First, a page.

Glocalization means that every local action has a global component. Popular and adult education is at the heart of the convergence movement. This Pre-Conference is an opportunity for those doing inter-sectional multi-issue work to come together to explore the role of popular education in building a just world.

            Papers focused on environmental justice, Queer activism, the social construction of whiteness, Third Wave Feminism, capitalism, globalization, and Peace are particularly encouraged. Authors of accepted papers are asked to prepare a Popular education tool that can be shared with those attending the PreConference. These popular education tools will be published in a volume, "A Popular Education Tool Kit for Convergence Activists."

4) Adult Education and Transnationalism: Re-casting Knowledge, Power, and Culture Debates (Half Day)


Organisers: Shahrzad Mojab (smojab@oise.utoronto.ca) and Kiran Mirchandani (kmirchandani@oise.utoronto.ca)


            This half-day session is where emerging debates on Transnationalism will be investigated in the context of Critical Adult Education. The goal is to create a space where we can engage with the following themes:

 

1.         Theorizing Transnationalism: Debates and Contestations

2.         Theoretical and Methodological Implications of “Theorizing Transnationalism” for the “Critical Adult Education” trends.

3.         Pedagogical Implications of Transnationalism for Critical Adult Education: Revisiting the Curriculum Development.

4.         Transnationalization of Learning Theories.

5.         Critical Adult Education in the Context of Transnational Organizations (ICAE, UNESCO, UIE, etc.), Transnational Conferences (CONFINTEA, World Social Forum, etc.), and Transnational Post-war Reconstruction.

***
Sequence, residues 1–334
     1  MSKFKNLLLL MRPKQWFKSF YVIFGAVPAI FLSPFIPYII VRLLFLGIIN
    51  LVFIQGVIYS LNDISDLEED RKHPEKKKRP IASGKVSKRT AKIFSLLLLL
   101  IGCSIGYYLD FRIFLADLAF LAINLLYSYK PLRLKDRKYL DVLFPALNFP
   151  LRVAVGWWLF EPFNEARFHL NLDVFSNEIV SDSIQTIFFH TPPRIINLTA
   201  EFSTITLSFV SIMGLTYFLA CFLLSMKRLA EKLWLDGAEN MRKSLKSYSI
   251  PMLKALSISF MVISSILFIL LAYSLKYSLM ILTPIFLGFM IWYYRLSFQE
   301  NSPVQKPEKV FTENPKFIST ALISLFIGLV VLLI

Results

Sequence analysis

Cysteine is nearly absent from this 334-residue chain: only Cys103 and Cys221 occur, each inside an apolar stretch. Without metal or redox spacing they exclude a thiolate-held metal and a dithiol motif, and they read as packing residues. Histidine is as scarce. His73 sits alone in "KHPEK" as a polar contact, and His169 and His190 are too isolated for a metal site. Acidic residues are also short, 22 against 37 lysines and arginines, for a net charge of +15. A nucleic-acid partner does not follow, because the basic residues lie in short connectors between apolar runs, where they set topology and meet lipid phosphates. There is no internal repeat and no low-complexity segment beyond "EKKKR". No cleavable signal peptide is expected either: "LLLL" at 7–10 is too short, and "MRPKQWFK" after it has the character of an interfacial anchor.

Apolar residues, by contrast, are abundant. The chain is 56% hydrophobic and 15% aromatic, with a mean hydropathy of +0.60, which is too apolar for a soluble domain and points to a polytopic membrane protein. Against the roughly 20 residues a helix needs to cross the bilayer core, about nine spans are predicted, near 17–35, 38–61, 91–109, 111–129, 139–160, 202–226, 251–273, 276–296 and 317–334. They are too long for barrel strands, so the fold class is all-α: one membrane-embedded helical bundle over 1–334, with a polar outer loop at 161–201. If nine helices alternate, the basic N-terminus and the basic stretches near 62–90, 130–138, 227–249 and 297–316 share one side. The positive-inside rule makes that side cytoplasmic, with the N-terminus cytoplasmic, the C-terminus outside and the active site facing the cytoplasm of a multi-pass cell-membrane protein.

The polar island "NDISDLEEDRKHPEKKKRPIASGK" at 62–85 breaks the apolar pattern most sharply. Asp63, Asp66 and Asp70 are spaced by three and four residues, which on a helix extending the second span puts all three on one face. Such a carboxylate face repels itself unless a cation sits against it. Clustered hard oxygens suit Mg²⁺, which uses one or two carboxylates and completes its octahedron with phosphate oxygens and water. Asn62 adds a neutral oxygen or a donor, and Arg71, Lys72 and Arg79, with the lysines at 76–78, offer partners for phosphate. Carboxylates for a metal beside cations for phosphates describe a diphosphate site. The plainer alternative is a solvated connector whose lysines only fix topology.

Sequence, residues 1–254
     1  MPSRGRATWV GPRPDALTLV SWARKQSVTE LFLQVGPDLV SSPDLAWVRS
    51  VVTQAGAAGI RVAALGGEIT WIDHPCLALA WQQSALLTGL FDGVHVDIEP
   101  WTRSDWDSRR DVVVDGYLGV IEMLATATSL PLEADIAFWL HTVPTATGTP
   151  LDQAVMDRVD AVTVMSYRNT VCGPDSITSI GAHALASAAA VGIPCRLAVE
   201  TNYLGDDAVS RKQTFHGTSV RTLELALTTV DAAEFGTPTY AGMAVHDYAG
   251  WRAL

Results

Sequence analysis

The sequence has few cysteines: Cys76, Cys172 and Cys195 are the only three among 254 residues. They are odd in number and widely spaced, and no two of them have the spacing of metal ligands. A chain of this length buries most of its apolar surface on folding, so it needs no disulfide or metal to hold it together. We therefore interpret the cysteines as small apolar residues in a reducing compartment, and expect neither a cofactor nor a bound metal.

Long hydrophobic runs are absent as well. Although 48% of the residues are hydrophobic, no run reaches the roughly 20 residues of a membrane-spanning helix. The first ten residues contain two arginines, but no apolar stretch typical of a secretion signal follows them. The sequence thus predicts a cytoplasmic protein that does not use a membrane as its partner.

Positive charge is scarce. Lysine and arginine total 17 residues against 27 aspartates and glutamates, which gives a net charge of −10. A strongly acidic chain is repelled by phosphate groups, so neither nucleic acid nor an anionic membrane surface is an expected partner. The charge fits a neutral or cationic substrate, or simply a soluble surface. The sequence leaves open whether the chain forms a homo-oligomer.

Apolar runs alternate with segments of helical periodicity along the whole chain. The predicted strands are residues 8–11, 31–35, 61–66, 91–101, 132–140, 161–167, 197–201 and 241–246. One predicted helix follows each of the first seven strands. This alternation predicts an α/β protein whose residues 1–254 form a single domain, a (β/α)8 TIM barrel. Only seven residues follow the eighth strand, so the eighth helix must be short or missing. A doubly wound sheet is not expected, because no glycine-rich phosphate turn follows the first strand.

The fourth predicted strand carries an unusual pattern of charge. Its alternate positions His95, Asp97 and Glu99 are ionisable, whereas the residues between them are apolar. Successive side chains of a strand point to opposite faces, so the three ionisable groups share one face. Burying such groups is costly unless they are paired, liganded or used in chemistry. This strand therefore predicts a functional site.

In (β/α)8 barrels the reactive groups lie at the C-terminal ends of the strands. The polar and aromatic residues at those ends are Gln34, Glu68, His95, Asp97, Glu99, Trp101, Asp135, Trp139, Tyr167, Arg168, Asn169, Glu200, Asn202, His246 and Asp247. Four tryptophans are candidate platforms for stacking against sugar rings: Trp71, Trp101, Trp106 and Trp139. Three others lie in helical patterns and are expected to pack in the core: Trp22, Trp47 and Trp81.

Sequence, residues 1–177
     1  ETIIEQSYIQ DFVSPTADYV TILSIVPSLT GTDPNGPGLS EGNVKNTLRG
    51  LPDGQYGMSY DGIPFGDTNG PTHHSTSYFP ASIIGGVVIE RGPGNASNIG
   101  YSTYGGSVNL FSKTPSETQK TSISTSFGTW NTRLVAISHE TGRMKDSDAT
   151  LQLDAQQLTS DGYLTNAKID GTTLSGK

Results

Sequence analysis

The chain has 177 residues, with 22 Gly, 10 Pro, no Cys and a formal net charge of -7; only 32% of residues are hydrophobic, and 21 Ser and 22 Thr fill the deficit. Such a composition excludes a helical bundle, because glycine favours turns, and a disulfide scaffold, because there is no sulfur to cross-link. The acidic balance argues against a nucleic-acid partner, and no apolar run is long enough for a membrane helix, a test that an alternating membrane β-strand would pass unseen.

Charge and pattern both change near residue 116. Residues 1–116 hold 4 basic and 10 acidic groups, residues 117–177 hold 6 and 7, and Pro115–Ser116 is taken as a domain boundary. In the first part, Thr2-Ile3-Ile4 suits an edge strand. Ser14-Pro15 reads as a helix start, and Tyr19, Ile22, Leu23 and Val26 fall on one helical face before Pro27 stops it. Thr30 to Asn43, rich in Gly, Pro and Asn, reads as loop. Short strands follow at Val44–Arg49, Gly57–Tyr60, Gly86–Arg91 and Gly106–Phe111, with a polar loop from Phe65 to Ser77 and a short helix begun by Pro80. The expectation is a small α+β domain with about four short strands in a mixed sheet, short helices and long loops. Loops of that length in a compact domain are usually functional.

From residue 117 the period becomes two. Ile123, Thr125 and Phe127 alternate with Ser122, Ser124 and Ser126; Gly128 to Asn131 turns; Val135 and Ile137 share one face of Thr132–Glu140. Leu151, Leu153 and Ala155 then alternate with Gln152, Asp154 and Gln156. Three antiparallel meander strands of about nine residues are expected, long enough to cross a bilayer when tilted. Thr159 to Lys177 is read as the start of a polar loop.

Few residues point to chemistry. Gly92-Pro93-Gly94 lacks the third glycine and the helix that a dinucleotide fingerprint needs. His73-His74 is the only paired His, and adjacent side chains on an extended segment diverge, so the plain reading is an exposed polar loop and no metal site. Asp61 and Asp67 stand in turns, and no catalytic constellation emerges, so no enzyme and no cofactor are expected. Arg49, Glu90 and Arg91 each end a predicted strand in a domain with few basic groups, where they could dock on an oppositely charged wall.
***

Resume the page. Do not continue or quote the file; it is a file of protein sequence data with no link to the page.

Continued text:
5) Women and Adult Education (Full Day)


Organiser: Shauna Butterwick (shauna.butterwick@ubc.ca)


            This pre-conference will explore women's learning across the institutional-community-home spectrum with a focus on the expressive arts (theatre, visual, etc.) as a medium for learning, activism, resistance and transformation. It will involve showcasing local projects and opportunities for hands-on learning by participants. Click here for additional programme information and registration form.

6) Adult literacy work (Full Day)


Co-organisers: Richard Darville, Carleton University (rdarvill@ccs.carleton.ca); Guy Ewing, Metro Toronto Movement for Literacy (gewing@mtml.ca); and Ralf St. Clair, Texas A&M University
(rstclair@coe.tamu.edu)


            This pre-conference will be a forum for practitioners and researchers to engage in an examination of adult literacy work in Canada and the United States. Participants in the pre-conference will:

 

a)        review and honour the tradition and the conduct of adult literacy work as a social movement embedded in struggles for justice and democracy;

b)        examine the "managerialism" which increasingly shapes adult literacy practices, partly in the form of programme and individual accountability and reporting requirements;

c)        consider how practitioners and researchers might defend, sustain and expand the social movement tradition in adult literacy.


Click here to return to our 2004 Information Centre Home Page.

 

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Created August 2, 2003 by the ACÉÉA-CASAE Internet Group